The latest quarterly survey of housing economists and experts, which generally focuses on economic issues like price expectations, came up with a surprising result. As the final days of the Presidential and Congressional elections draw near, most participants said they would be happy to get rid of the crown jewel of housing policy, the mortgage interest deduction.
More than half of respondents in the September 2012 Zillow® Home Price Expectations Survey, want to eliminate the mortgage interest tax deduction. Some 50 percent said it should be phased out gradually and 10 percent want it cut as soon as possible. Thirty percent said the deduction should have more eligibility restrictions placed on it, while 11 percent believe it should remain as-is.
“Although the mortgage interest deduction remains enormously popular with existing and aspiring homeowners, it costs the federal government about $90 billion a year,” said Terry Loebs, founder of Pulsenomics LLC, the company that conducted the survey for Zillow.
“Time will tell whether the unprecedented fiscal challenges facing the U.S., coupled with a housing market now on the mend, will embolden more policymakers to touch this lightning rod,” Loebs continued.
Meanwhile the MID remains under attack in national campaigns and the media. Efforts to get a plank in the National Republic Party platform failed in August and the effort generated critical media coverage included an August 30 column in Bloomberg View by Amity Shlaes is a senior fellow and director of the Four Percent Project at the George W. Bush Institute.
“To many today, however, the chief appeal of repeal is the reduction of price distortion. You are more likely to lose a house if you paid too much, because its true value was muddied by politics. You are more likely to keep a house whose price at the time of purchase was transparent and derived from the relative quality of the investment,” she wrote
“In tandem with the removal of other tax distortions, including excessively high income-tax rates, a reform could finally rationalize our irrational investment landscape. Steve Forbes was right in 1996. People might well invest more in houses than we imagine if, for once, they know what those houses are really worth.”Share/Save
More Buyers Choose Conventional over FHA Loans
The use of mortgage financing in the housing market jumped sharply in the month of August, but the use of FHA financing declined, suggesting the government program is losing favor and private lenders are gaining market share.
“Conventional mortgages are making a comeback while FHA mortgages are not,” commented Thomas Popik, research director for Campbell Surveys today . “Reasons for the growth in conventional mortgages include low rates, increased underwriting of high LTV mortgages by private mortgage insurers, and a price structure including insurance premiums that is cheaper than the FHA alternative.”
Mortgages were used to finance 68.9 percent of home purchase transactions in August, up from 67.5 percent in July. Significantly, not all mortgage financing products saw the same gains in market share. FHA-financed transactions rose only slightly from 25.5 percent in July to 25.9 percent in August. Back in January, FHA transactions accounted for 27.3 percent of all home purchase transactions.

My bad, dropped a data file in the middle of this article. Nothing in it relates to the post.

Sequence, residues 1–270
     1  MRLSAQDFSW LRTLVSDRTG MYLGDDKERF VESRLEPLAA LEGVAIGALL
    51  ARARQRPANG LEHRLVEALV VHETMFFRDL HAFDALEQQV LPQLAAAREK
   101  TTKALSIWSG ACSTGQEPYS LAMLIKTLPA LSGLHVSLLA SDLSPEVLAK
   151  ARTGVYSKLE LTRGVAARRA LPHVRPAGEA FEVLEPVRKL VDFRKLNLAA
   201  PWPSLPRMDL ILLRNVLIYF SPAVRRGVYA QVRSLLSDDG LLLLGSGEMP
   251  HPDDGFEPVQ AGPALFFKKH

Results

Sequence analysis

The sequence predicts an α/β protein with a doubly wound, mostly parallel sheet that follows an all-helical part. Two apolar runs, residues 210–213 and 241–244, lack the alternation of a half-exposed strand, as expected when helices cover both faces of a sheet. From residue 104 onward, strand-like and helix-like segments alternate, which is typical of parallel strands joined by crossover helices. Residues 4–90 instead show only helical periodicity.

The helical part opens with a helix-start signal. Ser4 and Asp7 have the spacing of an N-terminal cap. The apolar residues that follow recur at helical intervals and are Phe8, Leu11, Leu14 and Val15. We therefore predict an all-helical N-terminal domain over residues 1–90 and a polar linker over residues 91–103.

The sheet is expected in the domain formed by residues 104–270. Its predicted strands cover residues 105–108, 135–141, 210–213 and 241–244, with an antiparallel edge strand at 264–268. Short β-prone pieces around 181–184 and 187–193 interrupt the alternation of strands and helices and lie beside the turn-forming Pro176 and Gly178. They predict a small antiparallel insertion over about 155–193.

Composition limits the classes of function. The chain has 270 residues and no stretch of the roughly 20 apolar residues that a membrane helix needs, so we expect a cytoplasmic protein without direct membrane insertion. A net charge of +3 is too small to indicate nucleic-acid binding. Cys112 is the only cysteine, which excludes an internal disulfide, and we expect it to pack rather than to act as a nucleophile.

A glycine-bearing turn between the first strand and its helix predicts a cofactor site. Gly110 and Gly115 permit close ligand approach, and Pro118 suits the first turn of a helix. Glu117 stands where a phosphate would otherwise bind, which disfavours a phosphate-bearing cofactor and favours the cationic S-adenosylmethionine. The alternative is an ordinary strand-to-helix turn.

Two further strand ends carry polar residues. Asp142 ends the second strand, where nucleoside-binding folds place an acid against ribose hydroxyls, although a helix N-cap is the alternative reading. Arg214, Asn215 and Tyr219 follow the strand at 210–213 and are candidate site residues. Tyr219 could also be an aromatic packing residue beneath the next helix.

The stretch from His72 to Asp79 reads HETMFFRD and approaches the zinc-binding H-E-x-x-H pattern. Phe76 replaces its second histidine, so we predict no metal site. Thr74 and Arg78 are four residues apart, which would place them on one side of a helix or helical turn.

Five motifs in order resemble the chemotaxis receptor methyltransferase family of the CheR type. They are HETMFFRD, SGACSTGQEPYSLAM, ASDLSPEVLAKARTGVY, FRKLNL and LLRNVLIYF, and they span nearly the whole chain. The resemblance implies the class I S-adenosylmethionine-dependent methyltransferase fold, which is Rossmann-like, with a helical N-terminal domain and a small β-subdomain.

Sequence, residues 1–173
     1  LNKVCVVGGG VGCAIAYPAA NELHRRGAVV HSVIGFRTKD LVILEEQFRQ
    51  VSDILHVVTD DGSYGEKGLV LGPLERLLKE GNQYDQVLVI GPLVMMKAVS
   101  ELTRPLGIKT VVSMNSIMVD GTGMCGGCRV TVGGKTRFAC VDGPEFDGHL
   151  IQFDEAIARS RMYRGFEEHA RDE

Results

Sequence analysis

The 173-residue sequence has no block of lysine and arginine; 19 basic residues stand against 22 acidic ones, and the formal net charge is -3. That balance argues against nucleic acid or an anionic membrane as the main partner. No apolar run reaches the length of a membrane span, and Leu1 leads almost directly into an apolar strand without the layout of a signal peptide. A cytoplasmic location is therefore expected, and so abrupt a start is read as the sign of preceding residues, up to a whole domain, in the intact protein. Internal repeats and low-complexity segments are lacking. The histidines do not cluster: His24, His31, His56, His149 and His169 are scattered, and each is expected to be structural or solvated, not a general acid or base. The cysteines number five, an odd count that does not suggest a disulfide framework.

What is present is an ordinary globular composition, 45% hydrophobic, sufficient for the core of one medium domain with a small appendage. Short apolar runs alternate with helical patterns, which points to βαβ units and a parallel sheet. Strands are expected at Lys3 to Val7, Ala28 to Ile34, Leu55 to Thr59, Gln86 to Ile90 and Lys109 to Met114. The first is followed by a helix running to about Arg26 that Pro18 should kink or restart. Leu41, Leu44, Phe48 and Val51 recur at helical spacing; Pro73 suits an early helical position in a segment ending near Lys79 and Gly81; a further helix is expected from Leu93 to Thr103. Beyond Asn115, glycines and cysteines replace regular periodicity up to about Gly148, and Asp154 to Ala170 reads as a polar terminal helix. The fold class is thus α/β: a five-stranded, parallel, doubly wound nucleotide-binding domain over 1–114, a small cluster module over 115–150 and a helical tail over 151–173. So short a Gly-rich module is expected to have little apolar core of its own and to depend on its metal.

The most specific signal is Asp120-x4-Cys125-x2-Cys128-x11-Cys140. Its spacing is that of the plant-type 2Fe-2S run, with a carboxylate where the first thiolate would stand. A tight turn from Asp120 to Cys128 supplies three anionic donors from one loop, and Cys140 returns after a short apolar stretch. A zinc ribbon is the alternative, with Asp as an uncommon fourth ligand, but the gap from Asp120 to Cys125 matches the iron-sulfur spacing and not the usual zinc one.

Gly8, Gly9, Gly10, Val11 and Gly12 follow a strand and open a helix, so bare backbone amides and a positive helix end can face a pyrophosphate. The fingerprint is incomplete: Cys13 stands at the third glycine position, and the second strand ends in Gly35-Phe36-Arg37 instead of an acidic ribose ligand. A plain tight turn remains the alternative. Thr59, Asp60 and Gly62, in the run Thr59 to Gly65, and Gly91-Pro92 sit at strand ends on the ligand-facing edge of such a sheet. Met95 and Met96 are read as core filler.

Ellie Mae reported last week that the FHA share of mortgage originations has declined from 25 percent in May to 21 percent in August. During the same period, conventional mortgages increased their sales from 65 to 70 percent of all new mortgages. Purchase mortgages increased from 44 to 47 percent.
Real estate agents responding to the latest HousingPulse survey indicated mortgage availability has improved over the summer months, especially for homebuyers with less than 20% cash down payments. “Mortgages for home buyers with less than 20% down were available more than in previous months,” commented an agent from California. “Contrary to media reports, there is no shortage of mortgage money available for buyers with down payments less than 20 percent,” reported an agent in Texas.
Real estate agents also commented on historically low interest rates. “Amazing rates - less expensive to pay mortgage per month than to rent. Unbelievable opportunity and buyers know it,” exclaimed an agent in California. “The money is almost free, with 3.785 percent being about average for a 30 year fixed-rate mortgage with 3.5 percent down,” contributed an agent in Washington State.
Despite reports of improving access to financing from real estate markets, the National Association of Realtors is continuing its battle against for greater access to credit. Last week NAR’s president Mo Veissi urged Fed Chairman Ben Bernanke to weigh in on three key rule proposals — the Qualified Mortgage (QM), the Qualified Residential Mortgage (QRM), and the Basel III capital standards — that Veissi said are both putting a chill on lending and have the potential tighten credit further. All three individually and certainly together have the potential to tighten credit.Share/Save
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JCI REO Inc
1475 W. Big Beaver
Suite 200, Troy, MI 48084
Phone: (248) 816-0420
Fax: (248) 816-0402